“The Authority shall, to the extent practicable, keep its regulation of adult-use licensees consistent with its regulation of medical marijuana business licensees, except as necessary to differentiate between differences in statute between medical and adult-use marijuana,” the initiative says.

Local governments could “regulate the time, place, and manner of operation of adult use business licensees…so long as those regulations are not unduly burdensome.” They couldn’t limit the number of marijuana businesses, or outright ban them, within their borders however.

“SQ 820 proposes a statutory change, not a proposed constitutional amendment. Marijuana policy is still evolving and the Oklahoma legislature has shown it is ready to deal with issues as they arise,” Tilley said. “Whether it is a change in federal law or some yet unforeseen development in Oklahoma, lawmakers won’t have to amend the constitution to respond.”

Because the proposal is statutory rather than constitutional, there’s a lower signature threshold to qualify for the ballot. They will need to gather 94,911 valid signatures from registered voters within 90 days to make the 2022 ballot.

While both this proposal and one of the separate constitutional amendments being backed by Oklahomans for Responsible Cannabis Action (ORCA) seek to legalize marijuana for adults, there are some differences.

ORCA argued on Wednesday that the New Approach initiative includes excess licensing requirements and regulations and lacks funding to facilitate expungements for prior cannabis convictions.

Under ORCA’s proposal, adults 21 and older would be able to possess up to eight ounces of marijuana that they purchase from retailers, as well as whatever cannabis they yield from growing up to 12 plants for personal use.

Marijuana sales would also be subject to a 15 percent excise tax. The tax dollars would first cover implementation costs and then would be divided to support water-related infrastructure, people with disabilities, substance misuse treatment, law enforcement training, cannabis research and more.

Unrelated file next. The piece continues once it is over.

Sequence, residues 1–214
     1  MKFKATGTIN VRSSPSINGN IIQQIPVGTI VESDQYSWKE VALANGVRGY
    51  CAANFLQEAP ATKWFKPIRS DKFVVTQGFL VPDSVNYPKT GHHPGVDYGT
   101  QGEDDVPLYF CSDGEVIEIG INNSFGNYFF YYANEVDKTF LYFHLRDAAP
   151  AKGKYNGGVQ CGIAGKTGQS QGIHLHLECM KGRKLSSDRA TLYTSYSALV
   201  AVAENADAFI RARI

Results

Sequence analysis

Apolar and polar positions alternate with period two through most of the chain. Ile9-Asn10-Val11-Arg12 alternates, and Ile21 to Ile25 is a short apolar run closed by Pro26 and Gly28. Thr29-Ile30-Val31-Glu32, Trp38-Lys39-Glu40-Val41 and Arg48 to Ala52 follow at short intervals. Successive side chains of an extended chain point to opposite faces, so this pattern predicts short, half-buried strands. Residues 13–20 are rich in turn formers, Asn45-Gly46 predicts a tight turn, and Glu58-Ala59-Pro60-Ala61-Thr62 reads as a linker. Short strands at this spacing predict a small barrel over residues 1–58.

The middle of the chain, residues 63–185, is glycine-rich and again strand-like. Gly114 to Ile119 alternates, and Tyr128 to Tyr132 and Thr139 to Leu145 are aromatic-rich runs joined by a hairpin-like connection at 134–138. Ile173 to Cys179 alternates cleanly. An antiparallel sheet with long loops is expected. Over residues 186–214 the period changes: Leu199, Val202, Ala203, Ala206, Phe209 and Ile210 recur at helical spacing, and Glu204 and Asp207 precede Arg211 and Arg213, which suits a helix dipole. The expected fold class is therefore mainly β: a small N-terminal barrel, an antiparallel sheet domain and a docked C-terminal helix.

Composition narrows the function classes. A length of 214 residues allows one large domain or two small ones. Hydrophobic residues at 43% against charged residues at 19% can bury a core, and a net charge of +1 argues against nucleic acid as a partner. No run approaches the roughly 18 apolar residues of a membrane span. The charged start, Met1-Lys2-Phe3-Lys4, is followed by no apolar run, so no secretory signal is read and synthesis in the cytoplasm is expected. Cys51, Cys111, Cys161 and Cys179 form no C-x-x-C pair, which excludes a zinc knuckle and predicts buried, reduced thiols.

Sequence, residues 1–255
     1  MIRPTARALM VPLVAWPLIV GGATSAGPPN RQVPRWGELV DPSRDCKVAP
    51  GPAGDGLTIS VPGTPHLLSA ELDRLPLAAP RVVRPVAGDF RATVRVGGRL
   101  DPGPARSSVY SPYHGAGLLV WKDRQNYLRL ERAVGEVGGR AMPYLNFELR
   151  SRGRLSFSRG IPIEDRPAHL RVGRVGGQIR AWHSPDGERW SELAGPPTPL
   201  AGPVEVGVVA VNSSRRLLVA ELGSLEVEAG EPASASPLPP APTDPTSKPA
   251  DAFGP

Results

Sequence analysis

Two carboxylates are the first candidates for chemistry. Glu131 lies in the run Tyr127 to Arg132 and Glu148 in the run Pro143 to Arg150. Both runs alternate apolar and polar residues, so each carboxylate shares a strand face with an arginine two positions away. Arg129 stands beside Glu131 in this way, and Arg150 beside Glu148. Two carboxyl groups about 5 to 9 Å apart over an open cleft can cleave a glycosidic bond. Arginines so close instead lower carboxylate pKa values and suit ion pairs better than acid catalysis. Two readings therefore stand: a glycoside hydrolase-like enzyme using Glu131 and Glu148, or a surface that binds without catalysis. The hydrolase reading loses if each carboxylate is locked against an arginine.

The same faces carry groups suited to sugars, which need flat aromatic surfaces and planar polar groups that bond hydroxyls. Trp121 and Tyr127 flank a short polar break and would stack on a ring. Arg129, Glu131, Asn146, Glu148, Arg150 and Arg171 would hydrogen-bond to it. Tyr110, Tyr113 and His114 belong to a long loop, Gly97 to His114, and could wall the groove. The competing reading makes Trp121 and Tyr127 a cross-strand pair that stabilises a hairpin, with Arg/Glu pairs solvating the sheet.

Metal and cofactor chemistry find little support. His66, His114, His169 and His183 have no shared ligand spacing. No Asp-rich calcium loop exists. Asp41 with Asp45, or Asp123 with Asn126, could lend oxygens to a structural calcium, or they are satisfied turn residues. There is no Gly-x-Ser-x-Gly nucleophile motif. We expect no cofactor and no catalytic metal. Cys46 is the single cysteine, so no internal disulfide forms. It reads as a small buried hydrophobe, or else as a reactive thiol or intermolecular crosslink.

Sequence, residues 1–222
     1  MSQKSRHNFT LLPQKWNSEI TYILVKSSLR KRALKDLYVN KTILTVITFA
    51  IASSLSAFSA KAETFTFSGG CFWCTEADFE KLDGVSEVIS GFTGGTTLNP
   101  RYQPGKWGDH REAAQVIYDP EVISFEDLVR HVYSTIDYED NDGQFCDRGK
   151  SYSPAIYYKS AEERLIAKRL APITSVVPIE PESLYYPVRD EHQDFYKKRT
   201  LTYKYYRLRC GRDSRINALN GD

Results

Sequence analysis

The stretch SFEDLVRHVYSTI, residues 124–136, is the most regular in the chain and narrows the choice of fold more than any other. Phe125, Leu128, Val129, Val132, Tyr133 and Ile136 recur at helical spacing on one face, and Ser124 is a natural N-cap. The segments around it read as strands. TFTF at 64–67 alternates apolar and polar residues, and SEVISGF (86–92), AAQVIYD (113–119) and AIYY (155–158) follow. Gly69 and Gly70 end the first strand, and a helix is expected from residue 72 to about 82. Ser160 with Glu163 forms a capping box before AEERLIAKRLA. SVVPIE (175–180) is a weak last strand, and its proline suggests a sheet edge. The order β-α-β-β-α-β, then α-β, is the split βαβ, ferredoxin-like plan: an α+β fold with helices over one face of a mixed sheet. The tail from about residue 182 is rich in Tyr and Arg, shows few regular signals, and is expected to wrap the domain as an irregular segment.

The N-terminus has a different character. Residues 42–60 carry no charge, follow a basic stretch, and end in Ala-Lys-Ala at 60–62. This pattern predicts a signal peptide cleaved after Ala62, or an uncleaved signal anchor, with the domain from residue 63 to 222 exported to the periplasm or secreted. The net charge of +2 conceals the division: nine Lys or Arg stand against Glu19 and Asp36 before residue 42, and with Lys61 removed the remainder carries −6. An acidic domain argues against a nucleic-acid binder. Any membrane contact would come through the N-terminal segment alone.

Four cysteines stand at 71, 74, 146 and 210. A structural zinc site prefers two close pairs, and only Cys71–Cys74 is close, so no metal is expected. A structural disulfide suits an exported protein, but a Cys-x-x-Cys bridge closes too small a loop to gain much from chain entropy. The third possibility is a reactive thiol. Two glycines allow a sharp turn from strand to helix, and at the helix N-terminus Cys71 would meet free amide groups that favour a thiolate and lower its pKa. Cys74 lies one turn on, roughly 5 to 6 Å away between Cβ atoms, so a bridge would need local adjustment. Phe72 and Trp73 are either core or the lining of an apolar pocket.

The measure also lays out pathways for resentencing and expungements for those with marijuana convictions.

Oklahoma voters approved medical cannabis legalization at the ballot in 2018. Unlike many state medical marijuana programs, it does not require patients have any specific qualifying conditions; doctors can recommend cannabis for any condition they see fit.

OCRA’s separate medical cannabis measure would establish the Oklahoma State Cannabis Commission (OSCC) to oversee all areas of the medical marijuana system. It temporarily maintain a seven percent excise tax on medical cannabis sales, with revenue supporting marijuana research, rural impact and urban waste remediation, agriculture development, mental health response programs, substance misuse treatment and more.

At the same time, the group’s adult-use initiative calls for a gradual decrease of medical marijuana tax, which would reach zero percent within one year of its enactment. Also, within 60 days of enactment, the state’s existing medical cannabis dispensaries would be permitted to sell to the recreational market.

Oklahoma activists had previously attempted to qualify a legalization measure for the 2020 ballot. They filed a petition to legalize cannabis for adult use in December 2019, but signature gathering fell short due in part to procedural delays and the coronavirus pandemic.

Activists will need to collect at least 177,958 valid signatures from registered voters to qualify these two initiatives for the ballot.

Read the text of the new Oklahoma marijuana legalization initiative below: 

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Photo courtesy of Brian Shamblen.